But while the Swiss is proud of the career she has had, she is not happy with the way the women's game has changed over the past few years.

"The balls are getting so heavy and the courts are so slow," Schnyder said. "That's just the main factor that's bad for my game especially. It's taking a lot of energy out of the women's side.

"It's just a development coming from the men's [game], because they have only serving. They are trying to adjust the balls and courts for men's standard.

"I think it's not very good for women's tennis. Things like variation and the different type of players is suffering a lot on the women's side at the moment.

"Everyone is playing the same now. If you see the rallies, it's not as interesting as it was five or eight years ago."

Schnyder, however, is still hanging in there and has not decided a date for her departure from the tour. She will be travelling to Acapulco in Mexico for her next tournament and will be playing in three tournaments in the United States - in Indian Wells, Key Biscayne and Charleston - over the next two months.

"I just want to take a couple of months together and then decide what I am doing," she said. "I am going to decide, not like in months, but when I have a stretch of some tournaments in a row. I'll take it and then I will go on from there.

"For me it's not a big deal. It [retirement] is not the first thing I think of when I go on the court, or it overcomes me during a match when I am losing. I am not that kind of a sentimental person. I just do what I want to do and enjoy myself.

"I know whatever I decide, it's the right thing I am going to decide. That's not a problem."

Top starts to battle in Team Tennis.

Martina Hingis, Kim Clijsters, Williams sisters, Davenport will be clashing between each other in this summer at World Team Tennis Pro League. The WTA world no.1 player in the past as well as in the present will be competing in the World Pro League.

As per the marquee player draft, which was released on Tuesday, 15th 2011. The world no.1 seeded players, who are in the contest, are Martina Hingis, Kim Clijsters, Serena Williams, Venus Williams, Lindsay Davenport, Anna Kournikova and the upcoming player Melanie Oudin will be playing in the World Team Tennis Pro League.

Martin Hingis, the former world no.1 will be joining in the with a co-ed line-up that in a group of 765 professional tour singles and doubles titles, including 122 Grand Slam championships and six Olympic gold medals.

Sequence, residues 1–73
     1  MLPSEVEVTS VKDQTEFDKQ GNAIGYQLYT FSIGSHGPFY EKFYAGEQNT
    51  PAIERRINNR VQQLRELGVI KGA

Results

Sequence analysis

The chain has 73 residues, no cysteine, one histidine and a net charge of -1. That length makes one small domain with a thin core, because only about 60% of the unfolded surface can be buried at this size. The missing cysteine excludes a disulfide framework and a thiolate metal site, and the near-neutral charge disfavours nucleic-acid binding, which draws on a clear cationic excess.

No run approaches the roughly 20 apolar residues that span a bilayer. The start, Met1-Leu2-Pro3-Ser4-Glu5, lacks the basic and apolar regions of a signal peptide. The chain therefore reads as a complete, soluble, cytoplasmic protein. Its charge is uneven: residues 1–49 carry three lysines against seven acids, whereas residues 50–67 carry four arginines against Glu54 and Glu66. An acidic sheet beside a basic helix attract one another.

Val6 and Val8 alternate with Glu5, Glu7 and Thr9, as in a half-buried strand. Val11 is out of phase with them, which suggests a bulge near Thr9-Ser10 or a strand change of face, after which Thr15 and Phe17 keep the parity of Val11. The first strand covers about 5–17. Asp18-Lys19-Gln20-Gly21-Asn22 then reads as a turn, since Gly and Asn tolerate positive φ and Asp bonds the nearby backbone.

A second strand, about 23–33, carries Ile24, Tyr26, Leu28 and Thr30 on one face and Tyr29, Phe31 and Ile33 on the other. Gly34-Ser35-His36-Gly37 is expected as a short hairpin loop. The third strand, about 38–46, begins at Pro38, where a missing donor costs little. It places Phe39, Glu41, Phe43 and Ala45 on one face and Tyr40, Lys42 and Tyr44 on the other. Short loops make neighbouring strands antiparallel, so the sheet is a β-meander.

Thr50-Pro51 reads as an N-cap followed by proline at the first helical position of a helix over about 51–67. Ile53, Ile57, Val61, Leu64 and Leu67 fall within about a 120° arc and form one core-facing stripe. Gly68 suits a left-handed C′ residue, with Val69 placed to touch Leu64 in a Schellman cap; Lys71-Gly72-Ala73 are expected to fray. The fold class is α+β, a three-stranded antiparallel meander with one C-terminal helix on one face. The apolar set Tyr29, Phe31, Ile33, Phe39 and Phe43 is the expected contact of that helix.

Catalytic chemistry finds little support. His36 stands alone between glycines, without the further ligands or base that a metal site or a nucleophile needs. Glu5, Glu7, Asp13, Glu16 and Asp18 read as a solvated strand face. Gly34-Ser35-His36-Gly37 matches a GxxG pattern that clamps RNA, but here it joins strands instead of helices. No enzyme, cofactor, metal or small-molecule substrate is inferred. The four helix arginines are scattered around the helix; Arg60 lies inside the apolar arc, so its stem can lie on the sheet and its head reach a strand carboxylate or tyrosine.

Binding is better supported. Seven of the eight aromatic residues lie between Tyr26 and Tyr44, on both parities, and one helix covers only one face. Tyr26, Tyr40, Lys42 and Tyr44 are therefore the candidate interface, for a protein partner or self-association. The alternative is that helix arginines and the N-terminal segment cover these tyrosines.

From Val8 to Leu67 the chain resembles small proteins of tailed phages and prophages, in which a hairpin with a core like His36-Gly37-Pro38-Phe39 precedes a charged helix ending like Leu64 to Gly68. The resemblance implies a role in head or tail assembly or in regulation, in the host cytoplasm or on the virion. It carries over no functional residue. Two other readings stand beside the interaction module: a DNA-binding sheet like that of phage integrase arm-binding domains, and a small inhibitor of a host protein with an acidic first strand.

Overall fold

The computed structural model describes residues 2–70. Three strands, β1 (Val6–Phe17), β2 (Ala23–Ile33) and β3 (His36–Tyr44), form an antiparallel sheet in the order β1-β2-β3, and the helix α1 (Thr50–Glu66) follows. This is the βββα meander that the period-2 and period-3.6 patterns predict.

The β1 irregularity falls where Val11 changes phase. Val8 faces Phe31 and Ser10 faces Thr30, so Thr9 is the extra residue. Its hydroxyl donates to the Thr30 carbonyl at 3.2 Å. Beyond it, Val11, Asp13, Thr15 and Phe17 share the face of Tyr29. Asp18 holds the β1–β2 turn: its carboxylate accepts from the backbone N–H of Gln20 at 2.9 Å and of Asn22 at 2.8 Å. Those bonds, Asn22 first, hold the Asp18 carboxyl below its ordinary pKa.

Hingis will return to the New York Sportimes after of 5-years, earlier Hingis had won the WTT title in 2005.

Martina Hingis, the Swiss player and the former world no.1, who has been retired form the professional tennis player in 2007, will be back in the after 4- years on the tennis court. She won five Grand Slam singles titles three one Wimbledon, one US Open and Australian Opens.

Along with the top seeded player, Melanie Oudin, US rising star makes her WTT debut for the Philadelphia Freedoms, having been drafted as their first picker to clash at World Team Tennis Pro League.

Wednesday, February 23, 2011

A look back at the Disgusting 2001 Indian Wells onslaught.

Ten years ago this March, the Williams sisters were to play against one another in a semifinal match at the Indian Wells Masters Tennis Tournament in California.

In the quarters, Serena, who at that time was only 19 years old, had beaten veteran player Lindsay Davenport 6-1, 6-2, while her older sister Venus defeated Elena Dementieva in a long, drawn-out match that left her with heat exhaustion and an injured knee.

Long story short, there was a lot of hype put out for this sisters semifinal.

So the stadium was packed, sponsors and fans flocked in to promote and watch it, and up until five minutes before the match was to take place, there was no public indication that Venus might have to bow out.

Venus had hoped that a night's rest might help heal her sore body, but that wasn't the case.

She told the trainer as she arrived early at the stadium that she didn't think she could play.

Venus didn't want to withdraw, but she didn't want to risk serious injury.

The powers-that-be kept putting her off, hoping that somehow she'd recover enough to give it a shot.

Yet two hours before the match was scheduled, the officials knew Venus could not go on but waited until the stadium was full to make the announcement.

Call it miscommunication, bad decision-making or lack of leadership on the tournament director's part, the crowd was very unhappy.

And if you'd planned your day around this match, purchased special tickets, obtained an expensive hotel room and driven who knows how long to get to the stadium, to then find out the match wasn't going to take place minutes before it was to begin - you too might have been a bit emotionally out of sorts.